Breathing problems, fear of cancer, memory loss – these are among the symptoms reported by fisherman despite months of reassurances from the government and BP that workers were safe.
What were BP and the government doing to protect the workers out at sea?
ABC News has been told that workers did not receive respirators from BP to protect them from breathing possibly-toxic air because the company was following advice from the Occupational Safety and Health Administration. The agency in charge of worker safety did conduct some air quality tests, but said it thought the respirators might do more harm than good.
"They pull very much on the heart, on the lungs; they are physical burdens if workers are already sick, if they're smokers in many cases it would be dangerous to give them respirators," said David Michaels, Assistant Secretary of Labor for OSHA, on C-SPAN in June 2010.
Coco was part of a team that lit fires to burn the oil off the surface of the water.
"I was with the burn team," Coco told ABC News. "It was just spewing black and black everywhere."
"Those small boats that the fishermen were operating were much closer to the water surface. Much closer to the oil surface," said Dr. Solomon.
How Did The Government Know Whether the Air Was Safe?
After sifting through hundreds of pages of government data, we ultimately found that no government agency tested the air the workers out at sea were breathing until a month after the spill. Yet Most of the fisherman charged out within the first few days following the accident.
While the Environmental Protection Agency conducted extensive air quality tests onshore, the same cannot be said offshore. The first offshore EPA air quality test was not performed until May 17, nearly a month after the spill, and the EPA conducted offshore air quality tests on four days over a six-day period.
Technically, the EPA does not have jurisdiction over the air quality in the Gulf and released a statement on its website that said it would let the Coast Guard and OSHA handle offshore safety. The statement said, "EPA does not anticipate conducting additional off-shore sampling but will continue its sampling and monitoring efforts on land."
Although OSHA did conduct offshore tests for a variety of oil components, OSHA didn't start testing until nearly 5 weeks after the spill. The Coast Guard arrived even later on the scene to test air quality -- nearly 2 months after the spill.
Most worrisome to experts today is the fact that the government did no offshore testing for small, dangerous particles called particulate matter, and if BP has done any such testing, it has not published its findings.
In the first month after the accident, every government agency was relying on BP for offshore air quality testing. It turns out data released by BP one month after the spill reveals BP apparently only tested for two oil contaminants offshore. And small particles or oil aerosols apparently were not tested.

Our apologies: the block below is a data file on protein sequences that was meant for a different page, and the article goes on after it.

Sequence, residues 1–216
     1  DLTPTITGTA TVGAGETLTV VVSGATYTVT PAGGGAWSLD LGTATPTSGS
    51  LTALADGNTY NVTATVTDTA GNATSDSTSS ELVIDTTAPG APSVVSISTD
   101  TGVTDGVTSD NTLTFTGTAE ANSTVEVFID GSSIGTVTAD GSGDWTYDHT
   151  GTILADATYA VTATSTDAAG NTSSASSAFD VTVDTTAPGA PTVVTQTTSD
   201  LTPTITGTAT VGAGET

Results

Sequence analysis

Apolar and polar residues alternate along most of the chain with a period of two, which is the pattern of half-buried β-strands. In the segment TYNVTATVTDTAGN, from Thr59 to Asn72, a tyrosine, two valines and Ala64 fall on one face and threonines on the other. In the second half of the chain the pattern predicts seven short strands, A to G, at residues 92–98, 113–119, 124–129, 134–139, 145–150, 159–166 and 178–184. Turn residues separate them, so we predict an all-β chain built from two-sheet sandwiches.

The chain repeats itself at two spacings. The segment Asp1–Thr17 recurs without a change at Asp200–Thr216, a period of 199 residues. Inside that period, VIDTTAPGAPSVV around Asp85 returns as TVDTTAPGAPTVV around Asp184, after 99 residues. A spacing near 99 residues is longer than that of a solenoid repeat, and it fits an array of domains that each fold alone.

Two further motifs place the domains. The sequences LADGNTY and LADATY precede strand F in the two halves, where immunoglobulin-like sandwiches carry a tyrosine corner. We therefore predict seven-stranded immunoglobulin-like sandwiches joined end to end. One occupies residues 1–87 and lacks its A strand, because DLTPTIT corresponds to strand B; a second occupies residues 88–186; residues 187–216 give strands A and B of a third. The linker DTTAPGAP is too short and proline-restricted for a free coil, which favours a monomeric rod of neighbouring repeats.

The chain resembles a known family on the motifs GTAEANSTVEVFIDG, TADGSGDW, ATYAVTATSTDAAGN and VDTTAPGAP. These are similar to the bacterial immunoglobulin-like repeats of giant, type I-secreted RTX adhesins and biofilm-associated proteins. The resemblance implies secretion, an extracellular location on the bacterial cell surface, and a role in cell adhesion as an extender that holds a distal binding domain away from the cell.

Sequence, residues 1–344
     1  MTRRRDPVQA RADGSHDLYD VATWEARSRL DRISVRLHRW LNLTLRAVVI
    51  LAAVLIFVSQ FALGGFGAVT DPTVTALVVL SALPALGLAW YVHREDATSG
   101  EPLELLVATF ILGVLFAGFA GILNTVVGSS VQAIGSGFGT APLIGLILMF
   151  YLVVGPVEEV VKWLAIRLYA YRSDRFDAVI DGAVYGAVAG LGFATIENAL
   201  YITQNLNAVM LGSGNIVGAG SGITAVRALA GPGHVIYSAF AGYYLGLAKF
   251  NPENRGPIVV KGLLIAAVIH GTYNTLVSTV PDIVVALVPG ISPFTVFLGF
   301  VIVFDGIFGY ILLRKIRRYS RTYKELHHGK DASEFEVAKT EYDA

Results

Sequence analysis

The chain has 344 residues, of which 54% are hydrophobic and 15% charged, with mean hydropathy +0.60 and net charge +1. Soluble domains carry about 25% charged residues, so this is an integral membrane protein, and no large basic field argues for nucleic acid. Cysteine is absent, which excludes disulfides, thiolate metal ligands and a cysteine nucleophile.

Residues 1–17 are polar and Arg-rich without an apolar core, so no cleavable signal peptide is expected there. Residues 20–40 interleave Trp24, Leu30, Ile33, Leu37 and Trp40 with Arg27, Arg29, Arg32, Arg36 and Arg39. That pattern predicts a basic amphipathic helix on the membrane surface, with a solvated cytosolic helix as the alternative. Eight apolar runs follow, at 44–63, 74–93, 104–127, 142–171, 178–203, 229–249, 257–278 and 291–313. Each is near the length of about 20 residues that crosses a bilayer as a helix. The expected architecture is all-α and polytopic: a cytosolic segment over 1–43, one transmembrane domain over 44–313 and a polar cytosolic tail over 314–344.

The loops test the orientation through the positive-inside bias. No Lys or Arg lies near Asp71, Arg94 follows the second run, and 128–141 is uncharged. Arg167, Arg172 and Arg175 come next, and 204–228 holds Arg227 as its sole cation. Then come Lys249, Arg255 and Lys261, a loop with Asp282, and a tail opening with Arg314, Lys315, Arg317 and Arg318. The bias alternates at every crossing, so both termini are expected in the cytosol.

"We do know from previous studies that these kinds of oil aerosols can cause a powerful inflammatory reaction in the airways and can make people very sick," Dr. Solomon told ABC News.
Offshore Testing Timeline, Date Started:
Deepwater Horizon Accident: April 20
BP: April 28
EPA: May 17
OSHA: May 24
Coast Guard: June 14
ABC News confronted Environmental Protection Agency Administrator Lisa Jackson hoping to find answers. When asked whether the EPA should have taken more of a lead in testing the air offshore in the days after the spill instead of five weeks later, Jackson disagreed.
"I don't think so," she said. "[The] EPA is not an expert in occupational safety and worker safety, that's OSHA's job." In fact, Administrator Jackson is correct. The EPA does not have jurisdiction over air quality on the Gulf of Mexico.
OSHA declined ABC News' numerous interview requests and BP's chief operations for Gulf cleanup, Mike Utsler, said he didn't know whether anyone had become ill due to the spill.
Coast Guard Admiral Thad Allen, who led the cleanup effort in the gulf, says that if it happened again he would be more judicious in employing Vessels of Opportunity.
"I think I'd be very judicious in employing Vessels of Opportunity in the future," Allen said. "I think they can be used effectively, but I think we need to understand the environment they're operating in, the impact on the people and the impact on the boats and I would say do we have this right before we take a step forward."
One-year later and with nowhere to turn in the gulf, these fishermen simply wait to see if they'll be among those contacted to be part of the government's study on cleanup workers.
But for now these fishermen and their families move forward with only each other to count on, in search of closure and afraid of what the future may bring.
"What I would like the outcome to be is for us to be told the truth," said Burnett. "Just tell us what happened to us … and then we can move on, seek whatever we have to do to try to get better. Move on with our lives."